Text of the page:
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VOL. 23 NO. 9

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OUR TIME PRESS February 28-6 March, 2019

Thinker’s Notebook

The Diet of Discipline

W

hen I started to think about what to write for this week’s column, it came to me that I’ve never written anything about health and wellness. As a 43-year-old man with two small children and a lifetime of goals I’ve yet to accomplish, my health and overall wellness is probably more important to me now than ever before. My friends used to give me the business when I was younger, because even though I was rail-thin, I could get a hero from Farmer in the deli at 3pm and be ready to go to Kum Kau for a dinner special by 5:30pm. I could eat any and everything all day long and never worry about gaining a pound, and I didn’t care about what I was putting into my body. My diet at 17 was processed, excess and a whole mess. Alas, youth is wasted on the young. The tipping point that really turned me health-conscious came quietly and without announcement. I’ve been a runner since 2005. To date, I’ve run 2 marathons, about 10 half-marathons, and a bunch of 5K and 10K races. I thought that I was doing enough to stay in shape. In 2014, I became General Manager of a large restaurant and club. The salary was great, the place was located literally around the corner from my house and I had open access to a decadent menu. Me and food, we’ve always had a fantastic relationship. I’m a foodie. I love to try new things and I love devouring the classics. The restaurant’s menu included some amazing dishes: lamb chops, jerk chicken, mac and cheese, lo mein. Working 12-16-hour days meant that most of my dinners and late-night snacks came from the restaurant. Working in a club environment meant that I was in the place way past 4am on the weekends. On those nights, the kitchen would close at 2am. Pretty soon, I was eating a full dinner at 8pm, and then ordering another entree at 2am, just before the kitchen closed. In no time, I went from eating one dinner a night to eating a second dinner of lamb chops and mac and cheese at 2 in the morning 2-3 days a week. I was still running 2-3 times a week, so I didn’t necessarily notice what I was doing to myself. The first time I realized something was changing was when I started not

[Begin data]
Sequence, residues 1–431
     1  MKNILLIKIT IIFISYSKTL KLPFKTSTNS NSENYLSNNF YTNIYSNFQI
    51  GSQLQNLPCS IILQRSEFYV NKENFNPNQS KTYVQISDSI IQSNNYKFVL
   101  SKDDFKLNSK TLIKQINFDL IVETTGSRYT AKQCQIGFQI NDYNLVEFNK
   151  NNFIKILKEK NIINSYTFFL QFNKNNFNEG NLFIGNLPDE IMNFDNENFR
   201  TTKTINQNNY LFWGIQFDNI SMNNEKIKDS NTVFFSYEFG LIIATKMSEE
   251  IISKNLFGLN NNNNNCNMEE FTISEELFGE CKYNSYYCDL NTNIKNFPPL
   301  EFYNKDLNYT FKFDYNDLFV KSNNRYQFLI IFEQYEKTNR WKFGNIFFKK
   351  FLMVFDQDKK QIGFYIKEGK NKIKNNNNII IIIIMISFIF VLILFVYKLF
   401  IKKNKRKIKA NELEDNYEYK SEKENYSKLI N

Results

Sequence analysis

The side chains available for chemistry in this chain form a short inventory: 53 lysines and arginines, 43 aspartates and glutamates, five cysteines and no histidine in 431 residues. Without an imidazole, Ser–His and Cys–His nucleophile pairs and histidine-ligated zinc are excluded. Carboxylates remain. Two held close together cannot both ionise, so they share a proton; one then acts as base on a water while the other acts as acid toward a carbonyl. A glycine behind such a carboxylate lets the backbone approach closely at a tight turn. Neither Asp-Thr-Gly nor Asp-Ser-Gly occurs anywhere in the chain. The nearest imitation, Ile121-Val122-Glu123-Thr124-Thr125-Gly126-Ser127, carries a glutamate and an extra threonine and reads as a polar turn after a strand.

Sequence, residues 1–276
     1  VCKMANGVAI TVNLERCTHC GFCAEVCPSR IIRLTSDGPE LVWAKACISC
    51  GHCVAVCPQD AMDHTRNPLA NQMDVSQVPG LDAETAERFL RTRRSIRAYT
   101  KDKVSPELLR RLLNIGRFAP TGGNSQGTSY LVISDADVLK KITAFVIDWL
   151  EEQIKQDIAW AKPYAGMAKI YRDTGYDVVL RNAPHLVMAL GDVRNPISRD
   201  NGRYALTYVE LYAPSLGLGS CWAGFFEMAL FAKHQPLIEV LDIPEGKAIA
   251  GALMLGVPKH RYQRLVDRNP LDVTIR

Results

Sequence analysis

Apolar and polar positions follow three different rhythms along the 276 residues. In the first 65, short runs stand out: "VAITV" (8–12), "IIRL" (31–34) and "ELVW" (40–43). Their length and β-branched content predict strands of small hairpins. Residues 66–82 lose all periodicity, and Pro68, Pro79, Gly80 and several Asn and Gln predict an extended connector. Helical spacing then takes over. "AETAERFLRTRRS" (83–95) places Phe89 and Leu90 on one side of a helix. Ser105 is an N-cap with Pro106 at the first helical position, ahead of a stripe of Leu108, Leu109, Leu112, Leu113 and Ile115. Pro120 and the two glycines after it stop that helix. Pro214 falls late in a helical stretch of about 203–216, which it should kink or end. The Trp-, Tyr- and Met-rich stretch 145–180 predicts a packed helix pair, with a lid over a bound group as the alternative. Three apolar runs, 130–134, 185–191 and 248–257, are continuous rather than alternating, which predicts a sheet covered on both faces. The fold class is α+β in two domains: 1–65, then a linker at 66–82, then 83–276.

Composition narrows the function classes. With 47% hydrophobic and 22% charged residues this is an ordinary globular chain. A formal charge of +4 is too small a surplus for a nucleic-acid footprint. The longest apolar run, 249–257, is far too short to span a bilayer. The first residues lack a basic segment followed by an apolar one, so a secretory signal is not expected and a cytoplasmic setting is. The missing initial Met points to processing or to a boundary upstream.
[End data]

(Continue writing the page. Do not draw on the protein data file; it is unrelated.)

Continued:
WHAT’S GOING ON

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By Marlon Rice

being able to fit into my jeans. I remember thinking, these jeans must’ve shrunk in the wash. Pretty soon, it was all of my jeans. I couldn’t fit any of them. I ran the Brooklyn Half-Marathon in May of 2015 and injured myself--a stress fracture. When I went to the doctor, he told me that although overuse was a common cause of the injury, carrying the extra weight might have contributed. What extra weight? He said that I was a bit overweight. It was the first time anyone had ever said such a thing to me. Overweight? How could I be overweight? I went home and weighed myself. To say that I was shocked to see the results was an understatement! In 2013, while living in Maryland, I weighed 213 pounds. Back then, I was working out four times a day, running 15-20 miles a week and eating pretty healthy. In just two years, I had ballooned to 251 pounds. I had never been so big in my whole life. The reality of it all